We applied erasure coding to address the same set of challenges. Traditionally, erasure coding is widely used in modern clusters to minimize storage usage. However, it is not applied to object caching, nor is it considered a viable solution for load balancing. We show both analytically and empirically that given the instruction sets in modern CPUs, erasure coding can be a viable solution to address the limitations of selective replication as long as we are willing to sacrifice some network bandwidth. Given the rise of high-capacity network topologies and networking technologies, we believe this to be a timely tradeoff.

Data-intensive clusters rely on in-memory object caching to maximize the number of requests that can be served from memory in the presence of popularity skew, background load imbalance, and server failures. In order to improve I/O latency and for load balancing, these caches typically employ selective replication, where the number of cached replicas of an object is proportional to its popularity. Selective replication, however, often falls short in practice, because it needs careful selection of replication factors and dynamic, load-aware replica placement.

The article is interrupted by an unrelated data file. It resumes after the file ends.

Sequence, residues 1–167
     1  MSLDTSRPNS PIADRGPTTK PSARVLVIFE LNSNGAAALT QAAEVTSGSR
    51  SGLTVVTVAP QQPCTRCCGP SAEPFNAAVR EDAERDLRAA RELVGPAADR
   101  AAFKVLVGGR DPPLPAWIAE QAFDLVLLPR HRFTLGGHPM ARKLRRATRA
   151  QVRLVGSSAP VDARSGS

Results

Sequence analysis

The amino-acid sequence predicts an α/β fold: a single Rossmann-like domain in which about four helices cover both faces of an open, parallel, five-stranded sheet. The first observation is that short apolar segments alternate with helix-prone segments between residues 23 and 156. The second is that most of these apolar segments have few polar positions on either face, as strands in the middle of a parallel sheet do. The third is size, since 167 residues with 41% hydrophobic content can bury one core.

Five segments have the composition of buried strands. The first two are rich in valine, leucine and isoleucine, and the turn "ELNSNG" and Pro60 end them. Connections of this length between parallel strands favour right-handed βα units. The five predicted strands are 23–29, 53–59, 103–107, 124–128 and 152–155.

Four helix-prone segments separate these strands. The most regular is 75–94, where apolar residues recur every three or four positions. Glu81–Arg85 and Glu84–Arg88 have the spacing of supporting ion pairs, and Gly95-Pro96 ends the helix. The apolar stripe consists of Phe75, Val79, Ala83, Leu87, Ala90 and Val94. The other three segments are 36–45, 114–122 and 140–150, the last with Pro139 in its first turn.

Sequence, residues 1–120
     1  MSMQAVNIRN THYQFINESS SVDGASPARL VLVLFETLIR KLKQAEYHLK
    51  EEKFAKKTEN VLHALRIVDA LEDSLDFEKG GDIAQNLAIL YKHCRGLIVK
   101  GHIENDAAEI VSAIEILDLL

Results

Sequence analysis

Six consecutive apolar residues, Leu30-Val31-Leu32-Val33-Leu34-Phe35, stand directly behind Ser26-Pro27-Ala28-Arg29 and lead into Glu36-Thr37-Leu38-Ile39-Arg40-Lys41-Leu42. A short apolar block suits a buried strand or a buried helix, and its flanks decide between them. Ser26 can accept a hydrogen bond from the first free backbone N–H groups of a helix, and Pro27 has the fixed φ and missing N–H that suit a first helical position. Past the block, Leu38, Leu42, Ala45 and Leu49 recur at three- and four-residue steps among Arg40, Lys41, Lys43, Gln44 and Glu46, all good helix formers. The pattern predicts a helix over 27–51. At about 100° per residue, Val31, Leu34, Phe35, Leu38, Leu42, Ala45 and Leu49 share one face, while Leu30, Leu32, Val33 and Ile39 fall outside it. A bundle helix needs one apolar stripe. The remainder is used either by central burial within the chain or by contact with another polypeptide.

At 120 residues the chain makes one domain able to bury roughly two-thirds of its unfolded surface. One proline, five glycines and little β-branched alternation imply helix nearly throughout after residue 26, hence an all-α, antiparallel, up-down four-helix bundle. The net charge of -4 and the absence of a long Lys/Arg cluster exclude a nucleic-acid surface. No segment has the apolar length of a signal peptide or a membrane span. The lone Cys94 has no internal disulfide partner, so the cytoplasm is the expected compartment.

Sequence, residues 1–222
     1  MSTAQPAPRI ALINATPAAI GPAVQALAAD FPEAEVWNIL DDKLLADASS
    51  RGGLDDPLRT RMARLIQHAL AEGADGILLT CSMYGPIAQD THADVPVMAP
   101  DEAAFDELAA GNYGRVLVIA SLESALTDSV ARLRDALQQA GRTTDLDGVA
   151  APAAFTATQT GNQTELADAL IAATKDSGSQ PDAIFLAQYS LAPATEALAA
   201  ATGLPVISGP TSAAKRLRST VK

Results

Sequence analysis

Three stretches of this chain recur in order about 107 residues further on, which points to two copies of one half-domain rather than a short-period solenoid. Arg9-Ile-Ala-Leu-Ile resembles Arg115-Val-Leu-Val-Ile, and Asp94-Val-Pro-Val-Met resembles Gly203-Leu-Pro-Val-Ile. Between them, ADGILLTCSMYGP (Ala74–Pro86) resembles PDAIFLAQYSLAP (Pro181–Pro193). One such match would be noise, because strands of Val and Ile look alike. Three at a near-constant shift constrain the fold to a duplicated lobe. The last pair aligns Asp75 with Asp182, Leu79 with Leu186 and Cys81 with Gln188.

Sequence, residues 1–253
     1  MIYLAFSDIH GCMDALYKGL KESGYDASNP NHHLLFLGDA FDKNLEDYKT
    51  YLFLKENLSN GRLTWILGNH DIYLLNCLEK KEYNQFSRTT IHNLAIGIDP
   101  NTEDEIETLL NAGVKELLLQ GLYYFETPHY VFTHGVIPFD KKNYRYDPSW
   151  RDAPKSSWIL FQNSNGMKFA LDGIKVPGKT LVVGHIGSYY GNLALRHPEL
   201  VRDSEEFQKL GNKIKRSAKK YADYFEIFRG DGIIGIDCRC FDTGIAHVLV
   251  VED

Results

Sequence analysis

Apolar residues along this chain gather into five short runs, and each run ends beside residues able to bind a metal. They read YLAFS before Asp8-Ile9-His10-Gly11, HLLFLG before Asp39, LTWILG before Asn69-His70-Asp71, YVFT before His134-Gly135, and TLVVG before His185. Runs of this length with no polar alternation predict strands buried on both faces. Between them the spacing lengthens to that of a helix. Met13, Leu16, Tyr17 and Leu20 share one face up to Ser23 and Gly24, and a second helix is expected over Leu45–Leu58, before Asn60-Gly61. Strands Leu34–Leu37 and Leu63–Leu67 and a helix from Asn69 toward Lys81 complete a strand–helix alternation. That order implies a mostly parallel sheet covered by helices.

EC-Cache is a load-balanced, high-performance cluster cache that uses erasure coding in a novel way to overcome the limitations of selective replication. EC-Cache employs two techniques: (a) splitting and erasure coding individual objects during writes, and (b) late binding, wherein obtaining any k out of (k + r) splits of an object are sufficient, during reads. As compared to selective replication, EC-Cache improves load balancing by a factor of 3.3X and reduces the median and tail read latencies by more than 2X, while using the same amount of memory. EC-Cache does so using 10% additional bandwidth and a small increase in the amount of stored metadata. The benefits offered by EC-Cache are further amplified in the presence of background network load imbalance.

The genesis of this work traces back to 2013, when I was just wrapping up Sinbad and heard Rashmi Vinayak giving a talk about her work at Facebook. While we planned many times, we were always busy with other stuff and never managed to work together until very recently. During this time, the project evolved from disk-based storage to general object store to its current form: in-memory object cache. The very energetic Jack Kosaian tracked me down last year to work on something exciting, which also helped in finally getting the project going at full speed. I’ve been very fortunate with my collaborators.